Monday, October 29, 2007

Finding the Next Multinational Neighborhood

by Denis Rhoden, GIS demographic specialist for the Kirwan Institute

Recent posts on the KI blog and articles in cyberspace that I have read devote a considerable amount of attention to the complexity of racial diversity in America. Diversity, in its racial connotation, has a psychological, social and strategic lens, and is used by academics politicians, businesses, institutions and individuals. In a multinational context, we may be missing the point. I believe the efforts to include more perspectives, experiences and education, both formal and informal, is a pillar for future society. With this in mind I ask readers: how well prepared are American citizens to take up a role in a multinational society? Have years of good fortune developed a success bias among all Americans particularly the middle and upper income groups? What implications does this have for our neighborhoods’ competitiveness and quality of life in global terms moving forward?

I will not bore you with many statistics or anecdotes, but I think that these are particularly important in making the case for pursuing multinational neighbourhoods and business. In recent rankings of the world most expensive cities you won’t find New York, London or even Paris at the top–its St. Petersburg, Russia. The New York Times says that the growing flow of money to the London Stock Exchange away from the domestic exchanges is part policy and perception. Business leaders point to Sarbanes-Oxley Act, the Patriot Act, and the Department of Homeland Security as evidence that “America does not welcome outsiders.” Another recent Wall Street Journal article shares the globe-changing financial power the “New Power Brokers” possess.

• At $70 a barrel, oil producers have nearly $2 billion of petrodollars to invest every day, and one-fifth and one-quarter of all petrodollars are owned by very wealthy individuals.
• The Chinese central bank, with $1.1 trillion in assets, is the world's fifth-largest asset manager.

So what does this mean to Americans? According to the Wall Street Journal, petrodollars and Chinese Central Bank assets together were sufficient to reduce U.S. long term interest rates by three-quarters of one percent. For many this may not seem like a lot, but I suspect your friends with ARM mortgages and pension funds may disagree. The lower rates of moments past, in part fuelled by foreign capital are also attributed to the “debt binge” which lifted home and stock prices in recent periods.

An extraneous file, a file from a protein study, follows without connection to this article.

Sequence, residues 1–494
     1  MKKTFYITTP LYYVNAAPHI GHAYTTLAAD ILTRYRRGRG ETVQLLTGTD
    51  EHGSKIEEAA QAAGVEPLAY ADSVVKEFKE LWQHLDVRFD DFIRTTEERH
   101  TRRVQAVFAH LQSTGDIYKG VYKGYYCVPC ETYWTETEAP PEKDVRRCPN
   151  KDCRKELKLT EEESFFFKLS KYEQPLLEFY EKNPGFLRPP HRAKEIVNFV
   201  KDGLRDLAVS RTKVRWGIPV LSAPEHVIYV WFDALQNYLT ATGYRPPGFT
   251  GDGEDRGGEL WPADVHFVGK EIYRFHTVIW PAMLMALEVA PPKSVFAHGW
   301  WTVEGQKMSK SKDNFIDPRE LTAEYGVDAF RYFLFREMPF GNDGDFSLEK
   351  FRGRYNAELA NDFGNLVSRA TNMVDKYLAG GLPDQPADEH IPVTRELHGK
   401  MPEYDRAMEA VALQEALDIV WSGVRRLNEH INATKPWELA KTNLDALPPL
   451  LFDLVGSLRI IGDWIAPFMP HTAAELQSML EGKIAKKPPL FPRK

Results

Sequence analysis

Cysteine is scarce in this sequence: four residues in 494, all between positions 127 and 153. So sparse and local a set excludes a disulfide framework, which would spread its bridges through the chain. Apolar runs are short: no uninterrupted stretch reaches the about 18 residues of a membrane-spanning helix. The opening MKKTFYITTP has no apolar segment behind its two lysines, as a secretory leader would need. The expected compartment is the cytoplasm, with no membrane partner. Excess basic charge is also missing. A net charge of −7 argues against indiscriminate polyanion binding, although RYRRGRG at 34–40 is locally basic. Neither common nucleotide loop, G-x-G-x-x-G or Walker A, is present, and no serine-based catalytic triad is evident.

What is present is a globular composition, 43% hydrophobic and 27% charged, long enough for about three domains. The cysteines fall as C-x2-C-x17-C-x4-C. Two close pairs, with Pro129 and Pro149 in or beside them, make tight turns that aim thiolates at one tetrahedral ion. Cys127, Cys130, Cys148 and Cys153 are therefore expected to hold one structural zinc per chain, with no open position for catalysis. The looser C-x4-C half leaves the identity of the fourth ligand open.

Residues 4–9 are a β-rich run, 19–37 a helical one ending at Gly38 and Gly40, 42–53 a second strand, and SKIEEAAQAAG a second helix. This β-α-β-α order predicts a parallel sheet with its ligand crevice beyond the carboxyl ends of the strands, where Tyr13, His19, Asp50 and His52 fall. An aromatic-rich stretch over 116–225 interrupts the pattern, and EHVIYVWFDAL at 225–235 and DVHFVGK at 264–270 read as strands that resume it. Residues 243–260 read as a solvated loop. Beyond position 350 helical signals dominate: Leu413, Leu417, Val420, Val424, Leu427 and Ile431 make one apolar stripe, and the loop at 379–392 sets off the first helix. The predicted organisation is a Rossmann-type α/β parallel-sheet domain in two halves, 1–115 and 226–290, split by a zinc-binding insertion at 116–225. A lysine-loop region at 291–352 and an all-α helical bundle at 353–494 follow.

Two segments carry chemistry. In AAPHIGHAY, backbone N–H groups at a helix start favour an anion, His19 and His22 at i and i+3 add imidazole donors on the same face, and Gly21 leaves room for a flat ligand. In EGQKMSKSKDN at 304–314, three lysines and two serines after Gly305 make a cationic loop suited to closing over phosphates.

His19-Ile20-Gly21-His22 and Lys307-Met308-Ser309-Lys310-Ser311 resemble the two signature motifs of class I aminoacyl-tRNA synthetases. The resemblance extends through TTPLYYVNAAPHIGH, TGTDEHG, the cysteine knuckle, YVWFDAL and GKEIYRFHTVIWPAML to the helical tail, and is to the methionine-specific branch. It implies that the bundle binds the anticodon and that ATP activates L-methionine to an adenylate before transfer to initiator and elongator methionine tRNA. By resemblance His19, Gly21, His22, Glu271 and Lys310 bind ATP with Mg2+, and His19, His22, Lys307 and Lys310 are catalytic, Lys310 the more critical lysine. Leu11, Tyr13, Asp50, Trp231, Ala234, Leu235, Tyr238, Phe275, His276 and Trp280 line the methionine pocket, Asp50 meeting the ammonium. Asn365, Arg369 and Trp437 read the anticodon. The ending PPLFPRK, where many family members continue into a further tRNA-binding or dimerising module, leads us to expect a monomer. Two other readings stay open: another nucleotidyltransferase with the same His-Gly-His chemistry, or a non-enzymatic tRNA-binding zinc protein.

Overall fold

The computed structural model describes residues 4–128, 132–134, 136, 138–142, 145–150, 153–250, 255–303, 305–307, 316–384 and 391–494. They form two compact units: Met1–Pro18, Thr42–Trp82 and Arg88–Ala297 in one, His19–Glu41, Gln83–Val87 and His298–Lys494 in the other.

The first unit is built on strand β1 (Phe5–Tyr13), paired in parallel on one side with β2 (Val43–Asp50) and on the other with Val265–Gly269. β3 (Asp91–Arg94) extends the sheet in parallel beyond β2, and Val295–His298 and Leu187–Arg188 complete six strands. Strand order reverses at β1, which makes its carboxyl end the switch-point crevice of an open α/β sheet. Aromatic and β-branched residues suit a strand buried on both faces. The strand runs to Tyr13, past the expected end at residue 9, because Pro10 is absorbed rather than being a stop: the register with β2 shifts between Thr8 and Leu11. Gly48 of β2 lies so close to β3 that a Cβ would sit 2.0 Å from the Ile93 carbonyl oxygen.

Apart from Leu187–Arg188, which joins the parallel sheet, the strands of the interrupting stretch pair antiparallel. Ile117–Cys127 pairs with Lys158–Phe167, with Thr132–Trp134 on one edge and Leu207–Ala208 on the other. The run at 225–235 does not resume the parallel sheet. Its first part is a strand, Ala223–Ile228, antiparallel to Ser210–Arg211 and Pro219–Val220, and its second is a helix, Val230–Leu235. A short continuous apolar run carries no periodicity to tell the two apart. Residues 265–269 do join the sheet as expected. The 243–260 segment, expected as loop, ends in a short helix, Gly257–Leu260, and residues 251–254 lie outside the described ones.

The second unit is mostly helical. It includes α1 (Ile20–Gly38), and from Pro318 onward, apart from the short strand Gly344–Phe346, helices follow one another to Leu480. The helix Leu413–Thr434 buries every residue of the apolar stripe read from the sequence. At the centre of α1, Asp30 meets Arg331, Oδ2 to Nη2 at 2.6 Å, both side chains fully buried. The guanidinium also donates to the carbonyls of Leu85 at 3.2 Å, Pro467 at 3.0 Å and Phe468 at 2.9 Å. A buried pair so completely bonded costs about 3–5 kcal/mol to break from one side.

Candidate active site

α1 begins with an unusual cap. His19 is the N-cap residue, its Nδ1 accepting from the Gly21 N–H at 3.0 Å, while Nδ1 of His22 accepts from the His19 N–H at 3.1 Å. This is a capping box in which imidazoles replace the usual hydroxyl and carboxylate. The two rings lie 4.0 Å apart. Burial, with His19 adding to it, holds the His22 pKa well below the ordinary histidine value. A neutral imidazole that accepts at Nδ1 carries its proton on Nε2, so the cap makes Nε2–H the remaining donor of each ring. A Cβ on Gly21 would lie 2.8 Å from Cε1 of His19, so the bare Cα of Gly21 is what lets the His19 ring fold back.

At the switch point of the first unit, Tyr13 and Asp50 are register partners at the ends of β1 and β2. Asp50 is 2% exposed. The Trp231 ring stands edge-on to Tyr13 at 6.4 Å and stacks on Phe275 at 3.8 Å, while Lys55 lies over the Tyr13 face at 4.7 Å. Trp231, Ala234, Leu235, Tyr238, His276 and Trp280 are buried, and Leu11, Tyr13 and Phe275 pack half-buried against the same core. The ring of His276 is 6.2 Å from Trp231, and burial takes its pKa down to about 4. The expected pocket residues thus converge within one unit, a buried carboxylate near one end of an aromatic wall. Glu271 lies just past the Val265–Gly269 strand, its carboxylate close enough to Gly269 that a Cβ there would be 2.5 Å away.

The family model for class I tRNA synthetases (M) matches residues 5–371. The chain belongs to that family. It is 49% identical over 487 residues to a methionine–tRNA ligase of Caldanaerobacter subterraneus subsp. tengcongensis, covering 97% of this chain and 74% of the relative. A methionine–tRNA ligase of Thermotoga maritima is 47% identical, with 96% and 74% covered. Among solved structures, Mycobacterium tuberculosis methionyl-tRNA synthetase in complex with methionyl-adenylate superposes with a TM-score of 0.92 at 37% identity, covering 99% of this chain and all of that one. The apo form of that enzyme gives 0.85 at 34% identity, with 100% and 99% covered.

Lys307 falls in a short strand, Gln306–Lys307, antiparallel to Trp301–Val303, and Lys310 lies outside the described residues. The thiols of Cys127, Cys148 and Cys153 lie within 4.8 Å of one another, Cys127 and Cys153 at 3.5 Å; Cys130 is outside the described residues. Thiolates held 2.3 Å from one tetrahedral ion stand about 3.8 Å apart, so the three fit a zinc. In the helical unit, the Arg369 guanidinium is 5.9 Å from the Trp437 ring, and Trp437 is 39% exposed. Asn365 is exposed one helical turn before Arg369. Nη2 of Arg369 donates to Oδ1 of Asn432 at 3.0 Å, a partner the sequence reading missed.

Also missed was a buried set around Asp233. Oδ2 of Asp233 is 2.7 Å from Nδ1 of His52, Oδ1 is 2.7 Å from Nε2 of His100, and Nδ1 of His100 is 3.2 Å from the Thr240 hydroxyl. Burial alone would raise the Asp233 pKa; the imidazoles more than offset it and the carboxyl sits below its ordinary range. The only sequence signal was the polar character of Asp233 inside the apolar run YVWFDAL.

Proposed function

For the last few months I have been exploring Europe and grappling with the question of how small cities like Manchester, UK could embrace so many cultures. In many respects it has a resemblance to Columbus, OH with a diverse student population, stable economy and rediscovery of its urban core. However, I could point to very few cities in Ohio or any other American city where I felt socially and politically where multinationalism was more than tolerated, but expected.
As the US becomes one of several destinations instead of the destination, in terms of capital flow and in-migration, what are the implications for being ‘behind’ the curve on racial diversity when other nations are learning to be competent in multinational terms? Will America’s need to overcome the structural limitations of race come in enough time to cultivate a generation of leaders in business, politics and society that are multinationally conversant?


  1. Interesting benchmark. “Multinational competence” is important, but may not be the most central issue here. Multinational tolerance and acceptance may be more fundamental. One can be conversant/competent without being ok with the presence those people, about whom they understand so much, in their neighborhood. I agree that the extreme consolidation of wealth in the upper 1% of society is very worrisome, because those elite people tend to use their funds to sustain systems of inequity & division. I think they live in irrational fear. Lots of these business leaders & heirs have outstanding educations, which leads me to believe that they are multinationally conversant. They just don’t care. Their problem is that fear is clouding their humanity. So they don’t donate to organizations protecting the planet or working for integration or healthcare for poor people. They donate to orgs and politicians who vow to support the status quo and to even make the laws more business friendly. Until we create a culture in which these greedy, fearful people can no longer function as they do, we are in trouble.

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